While I think that Conversations With Friends is the stronger of her two novels, both of them are ridiculously well-done and I am glad Rooney gets all the praise she deserves. She is such an exciting voice and I just cannot wait to see what she does next.

I am reading the Women’s Prize for Fiction longlist this year. My current ranking is as follows:

  1. The Pisces by Melissa Broder (review)
  2. Freshwater by Akwaeke Emezi (review)
  3. Normal People by Sally Rooney
  4. Milkman by Anna Burns (review)
  5. Ghost Wall by Sarah Moss (review)
  6. Bottled Goods by Sophie van Llewyn (review)
  7. Swan Song by Kelleigh Greenberg-Jephcott (review)
  8. Praise Song for the Butterflies by Bernice L. McFadden (review)
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Review: Swan Song by Kelleigh Greenberg-Jephcott

36203384Verdict: Indulgent.

My rating: 2 out of 5 stars

Genre: Literary Fiction.

Published by Hutchinson, June 2018.

Find it on Goodreads.

They told him everything.

He told everyone else.

Over countless martini-soaked Manhattan lunches, they shared their deepest secrets and greatest fears. On exclusive yachts sailing the Mediterranean, on private jets streaming towards Jamaica, on Yucatán beaches in secluded bays, they gossiped about sex, power, money, love and fame. They never imagined he would betray them so absolutely.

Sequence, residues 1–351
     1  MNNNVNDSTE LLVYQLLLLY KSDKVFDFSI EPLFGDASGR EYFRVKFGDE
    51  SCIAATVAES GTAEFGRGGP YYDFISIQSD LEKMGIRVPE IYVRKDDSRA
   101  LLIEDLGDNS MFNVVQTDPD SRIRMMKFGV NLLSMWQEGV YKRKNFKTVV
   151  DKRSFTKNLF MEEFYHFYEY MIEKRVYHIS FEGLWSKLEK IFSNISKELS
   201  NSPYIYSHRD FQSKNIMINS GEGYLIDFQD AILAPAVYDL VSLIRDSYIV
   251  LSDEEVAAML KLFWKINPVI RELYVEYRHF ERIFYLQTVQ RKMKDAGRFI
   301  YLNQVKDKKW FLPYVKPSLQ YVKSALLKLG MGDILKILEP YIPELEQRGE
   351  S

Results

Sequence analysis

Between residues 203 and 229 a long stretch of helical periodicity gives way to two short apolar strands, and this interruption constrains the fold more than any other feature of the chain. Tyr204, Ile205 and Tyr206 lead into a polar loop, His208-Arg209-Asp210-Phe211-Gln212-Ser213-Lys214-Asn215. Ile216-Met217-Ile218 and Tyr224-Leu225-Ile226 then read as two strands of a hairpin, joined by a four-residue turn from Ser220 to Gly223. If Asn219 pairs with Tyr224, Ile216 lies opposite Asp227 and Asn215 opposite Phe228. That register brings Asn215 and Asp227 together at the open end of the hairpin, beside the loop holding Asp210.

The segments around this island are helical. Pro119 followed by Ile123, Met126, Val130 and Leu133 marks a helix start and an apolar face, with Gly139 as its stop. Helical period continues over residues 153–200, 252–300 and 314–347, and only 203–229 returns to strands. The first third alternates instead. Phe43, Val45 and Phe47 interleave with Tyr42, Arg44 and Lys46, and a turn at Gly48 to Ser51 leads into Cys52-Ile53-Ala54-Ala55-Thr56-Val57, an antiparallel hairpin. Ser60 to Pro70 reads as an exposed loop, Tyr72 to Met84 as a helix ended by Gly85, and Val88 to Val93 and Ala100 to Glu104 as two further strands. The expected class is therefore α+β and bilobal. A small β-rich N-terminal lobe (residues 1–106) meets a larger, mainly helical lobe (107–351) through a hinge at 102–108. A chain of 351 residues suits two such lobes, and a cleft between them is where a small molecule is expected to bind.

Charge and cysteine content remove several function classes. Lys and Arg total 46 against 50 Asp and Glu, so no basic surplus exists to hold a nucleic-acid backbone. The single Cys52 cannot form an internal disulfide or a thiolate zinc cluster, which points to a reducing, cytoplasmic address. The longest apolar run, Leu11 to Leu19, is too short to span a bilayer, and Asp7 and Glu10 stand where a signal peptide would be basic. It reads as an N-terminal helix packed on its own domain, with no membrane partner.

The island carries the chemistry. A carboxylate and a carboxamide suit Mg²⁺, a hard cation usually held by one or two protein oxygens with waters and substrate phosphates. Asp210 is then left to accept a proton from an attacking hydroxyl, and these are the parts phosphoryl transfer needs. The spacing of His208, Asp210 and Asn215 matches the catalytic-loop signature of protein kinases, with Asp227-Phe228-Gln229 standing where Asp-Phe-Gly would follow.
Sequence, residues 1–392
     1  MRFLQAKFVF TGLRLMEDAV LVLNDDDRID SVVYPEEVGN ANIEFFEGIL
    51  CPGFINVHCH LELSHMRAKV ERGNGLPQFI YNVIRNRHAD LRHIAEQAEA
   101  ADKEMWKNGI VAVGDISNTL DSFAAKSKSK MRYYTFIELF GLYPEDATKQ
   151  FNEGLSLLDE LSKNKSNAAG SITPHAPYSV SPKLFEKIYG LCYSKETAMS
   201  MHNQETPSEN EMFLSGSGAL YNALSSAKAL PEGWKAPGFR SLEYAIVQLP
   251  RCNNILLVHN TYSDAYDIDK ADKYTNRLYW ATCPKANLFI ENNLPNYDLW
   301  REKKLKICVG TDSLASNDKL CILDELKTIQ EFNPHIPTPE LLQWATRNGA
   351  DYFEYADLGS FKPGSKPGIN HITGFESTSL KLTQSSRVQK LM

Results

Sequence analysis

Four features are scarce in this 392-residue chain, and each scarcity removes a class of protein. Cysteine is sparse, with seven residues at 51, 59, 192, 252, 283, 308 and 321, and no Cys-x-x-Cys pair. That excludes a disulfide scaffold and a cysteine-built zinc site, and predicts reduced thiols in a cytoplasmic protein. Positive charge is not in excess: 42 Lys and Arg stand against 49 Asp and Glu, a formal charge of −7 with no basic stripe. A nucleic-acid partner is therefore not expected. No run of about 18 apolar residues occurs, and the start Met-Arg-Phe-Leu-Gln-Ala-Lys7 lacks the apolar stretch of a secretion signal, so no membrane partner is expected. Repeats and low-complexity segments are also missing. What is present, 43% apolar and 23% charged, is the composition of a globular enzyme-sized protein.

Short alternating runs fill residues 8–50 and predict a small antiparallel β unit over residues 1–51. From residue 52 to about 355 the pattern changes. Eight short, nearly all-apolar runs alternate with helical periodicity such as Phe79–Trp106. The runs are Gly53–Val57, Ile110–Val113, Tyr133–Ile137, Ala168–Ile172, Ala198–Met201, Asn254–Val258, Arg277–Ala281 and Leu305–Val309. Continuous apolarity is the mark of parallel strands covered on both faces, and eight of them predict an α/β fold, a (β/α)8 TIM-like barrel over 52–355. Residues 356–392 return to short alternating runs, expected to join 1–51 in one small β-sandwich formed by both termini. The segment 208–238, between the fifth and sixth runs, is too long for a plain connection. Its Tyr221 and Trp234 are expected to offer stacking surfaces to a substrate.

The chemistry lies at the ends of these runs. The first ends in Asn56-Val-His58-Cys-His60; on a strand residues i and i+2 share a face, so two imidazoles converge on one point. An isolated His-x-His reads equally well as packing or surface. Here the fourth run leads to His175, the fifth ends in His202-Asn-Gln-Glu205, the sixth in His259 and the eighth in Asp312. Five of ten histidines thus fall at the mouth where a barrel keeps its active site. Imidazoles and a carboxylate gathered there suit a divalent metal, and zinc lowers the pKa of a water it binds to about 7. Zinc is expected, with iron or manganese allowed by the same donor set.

In the autumn of 1975, after two decades of intimate friendships, Truman Capote detonated a literary grenade, forever rupturing the elite circle he’d worked so hard to infiltrate. Why did he do it, knowing what he stood to lose? Was it to punish them? To make them pay for their manners, money and celebrated names? Or did he simply refuse to believe that they could ever stop loving him? Whatever the motive, one thing remains indisputable: nine years after achieving wild success with In Cold Blood, Capote committed an act of professional and social suicide with his most lethal of weapons . . . Words.

A dazzling debut about the line between gossip and slander, self-creation and self-preservation, SWAN SONG is the tragic story of the literary icon of his age and the beautiful, wealthy, vulnerable women he called his Swans.